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IMD issues 'red message' with Cyclone Biparjoy 170km from Gujarat coast

15 JUNE 2023



ANKARA: Sweden should not expect a green light from Ankara on its NATO membership bid at the Western alliance's summit next month unless it prevents anti-Turkey protests in Stockholm, Turkish President Tayyip Erdogan was quoted as saying on Wednesday.

Turkey cannot approach Sweden's NATO bid positively while "terrorists" were protesting in Stockholm, and Turkey's position would be made clear once again in talks with Swedish officials in Ankara on Wednesday, Erdogan was quoted as telling reporters on a flight returning from Azerbaijan on Tuesday.

Erdogan spoke as officials from Turkey, Sweden, Finland and NATO met on Wednesday in Ankara for talks to try to overcome Turkish objections holding up Sweden's NATO membership bid.

Sweden's chief negotiator Oscar Stenstrom said the talks with Turkish officials had been good and that discussions aimed at overcoming Ankara's objections would continue, though no fresh date was yet set.

"It's my job to persuade our counterpart that we have done enough. I think we have," Stenstrom said. "But Turkey is not ready to make a decision yet and thinks that they need to have more answers to the questions they have."

In a statement, the Turkish presidency said the level of progress by Sweden under a trilateral deal agreed in Madrid last year was discussed in the meeting. The parties agreed to continue working on the "prospective concrete steps" for Sweden's NATO membership, the statement said.





Belarusian President  Alexander Lukashenko has said his country has started taking delivery of Russian tactical nuclear weapons, some of which he said were three times more powerful than the atomic bombs the US dropped on Hiroshima and Nagasaki in 1945.

The deployment is Moscow's first move of such warheads - shorter-range less powerful nuclear weapons that could potentially be used on the battlefield - outside Russia since the fall of the Soviet Union.

"We have missiles and bombs that we have received from Russia," Lukashenko said in an interview with the Rossiya-1 Russian state TV channel which was posted on the Belarusian Belta state news agency's Telegram channel.

"The bombs are three times more powerful than those (dropped on) Hiroshima and Nagasaki," he said, speaking on a road in a forest clearing with military vehicles parked nearby and some kind of military storage facility visible in the background.

Russian President Vladimir Putin said on Friday that Russia, which will retain control of the tactical nuclear weapons, would start deploying them in Belarus after special storage facilities to house them were made ready.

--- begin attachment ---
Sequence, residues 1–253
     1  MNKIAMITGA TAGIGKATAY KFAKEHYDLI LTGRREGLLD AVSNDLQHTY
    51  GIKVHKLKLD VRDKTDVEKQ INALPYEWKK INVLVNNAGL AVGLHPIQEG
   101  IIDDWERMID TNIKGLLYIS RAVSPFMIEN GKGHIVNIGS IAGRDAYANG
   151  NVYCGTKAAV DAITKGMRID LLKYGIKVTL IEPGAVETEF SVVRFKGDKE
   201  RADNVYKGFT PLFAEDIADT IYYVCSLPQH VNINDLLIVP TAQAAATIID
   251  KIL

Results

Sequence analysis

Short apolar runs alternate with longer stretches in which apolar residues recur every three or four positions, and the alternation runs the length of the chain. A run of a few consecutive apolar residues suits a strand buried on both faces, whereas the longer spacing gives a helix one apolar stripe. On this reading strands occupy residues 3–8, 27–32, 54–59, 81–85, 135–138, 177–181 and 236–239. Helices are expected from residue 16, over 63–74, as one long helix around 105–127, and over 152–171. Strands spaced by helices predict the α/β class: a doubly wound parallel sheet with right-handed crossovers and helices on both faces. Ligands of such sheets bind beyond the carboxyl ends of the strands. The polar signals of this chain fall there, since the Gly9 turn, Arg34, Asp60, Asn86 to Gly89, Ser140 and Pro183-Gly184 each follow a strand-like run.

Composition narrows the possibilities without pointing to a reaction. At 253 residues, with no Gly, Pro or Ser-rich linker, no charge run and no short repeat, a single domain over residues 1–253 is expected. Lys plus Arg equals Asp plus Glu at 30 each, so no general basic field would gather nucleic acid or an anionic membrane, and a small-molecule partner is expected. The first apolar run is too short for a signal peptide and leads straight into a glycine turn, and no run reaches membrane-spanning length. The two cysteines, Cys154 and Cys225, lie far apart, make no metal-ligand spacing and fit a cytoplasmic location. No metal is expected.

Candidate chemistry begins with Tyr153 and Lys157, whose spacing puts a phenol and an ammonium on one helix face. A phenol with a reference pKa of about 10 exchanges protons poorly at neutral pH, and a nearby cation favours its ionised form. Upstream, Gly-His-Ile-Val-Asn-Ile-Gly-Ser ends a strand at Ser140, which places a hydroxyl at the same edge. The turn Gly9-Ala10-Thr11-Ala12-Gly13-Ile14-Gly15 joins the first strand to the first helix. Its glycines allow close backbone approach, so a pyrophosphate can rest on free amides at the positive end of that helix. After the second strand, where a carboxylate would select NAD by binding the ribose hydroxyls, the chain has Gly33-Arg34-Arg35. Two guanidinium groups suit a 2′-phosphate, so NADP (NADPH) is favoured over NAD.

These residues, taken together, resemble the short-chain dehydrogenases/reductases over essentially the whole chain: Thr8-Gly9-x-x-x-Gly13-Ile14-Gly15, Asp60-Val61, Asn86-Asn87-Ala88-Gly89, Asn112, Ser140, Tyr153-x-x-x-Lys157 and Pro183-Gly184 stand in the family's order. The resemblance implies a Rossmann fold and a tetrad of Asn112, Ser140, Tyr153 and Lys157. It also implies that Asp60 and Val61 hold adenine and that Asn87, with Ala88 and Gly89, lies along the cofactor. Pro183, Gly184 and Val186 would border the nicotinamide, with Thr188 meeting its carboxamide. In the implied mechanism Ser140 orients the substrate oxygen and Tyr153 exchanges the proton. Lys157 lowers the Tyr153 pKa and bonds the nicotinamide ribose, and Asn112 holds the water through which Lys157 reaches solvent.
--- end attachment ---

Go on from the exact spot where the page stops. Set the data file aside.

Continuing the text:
Germany announced its first National Security Strategy Wednesday, calling Russia the biggest threat to Europe and warning about growing rivalry with China. The document provides an overview of Berlin’s foreign policy, which has shifted towards prioritising security over economic interests since Russia’s Ukraine invasion. “This is a major change in how we deal with security policy,” moving away from military strategy towards an integrated security concept, Chancellor Olaf Scholz said.





Hong Kong : A popular Hong Kong protest song was no longer available on Wednesday on several major music streaming sites and social media platforms, after the government sought an injunction to ban the tune.

“Glory to Hong Kong” rose to popularity during the 2019 pro-democracy protests, and became an unofficial protest anthem.

In 2020, the government outlawed protest slogan “Liberate Hong Kong, revolution of our times” over secessionist connotations, and the song was widely considered to be banned in the city as its lyrics contained parts of the slogan.

Hong Kong, once a bastion of free speech and expression, has come under tighter scrutiny by Beijing after the unrest in 2019. Since then, its political system has undergone a major overhaul to ensure that only “patriots” loyal to Beijing can hold office. More than 250 people have been arrested under a sweeping national security law passed in 2020 that critics say is aimed at suppressing dissent. The song rose to top of Apple iTunes' charts last week after Hong Kong government sought an injunction from courts to ban “unlawful acts” related to the song and any derivatives, including lyrics and melody.





Islamabad : The IMF has raised serious objections over Pakistan’s budget for 2023-24, lessening chances that the global lender will revive the loan programme that the cash-starved country has been seeking to meet its international debt obligations. Since the IMF programme — which has been delayed since late last year over a policy framework — expires on June 30, Pakistan has been racing against time to implement measures to reach an agreement with the IMF which would not only lead to a disbursement of $1. 2 billion, part of the $6. 7 billion bailout package but also unlock inflows of funds from other multilateral lenders and friendly countries.

The IMFis sticking to its tough conditions while holding back release of funds as it pushes Islamabad even harder toincrease revenue. The PM Shehbaz Sharif-led government, however, has been making a final effort to revive the country’s IMF programme, with a financing gap of $2 billion and its exchange-rate policy among the biggest hurdles.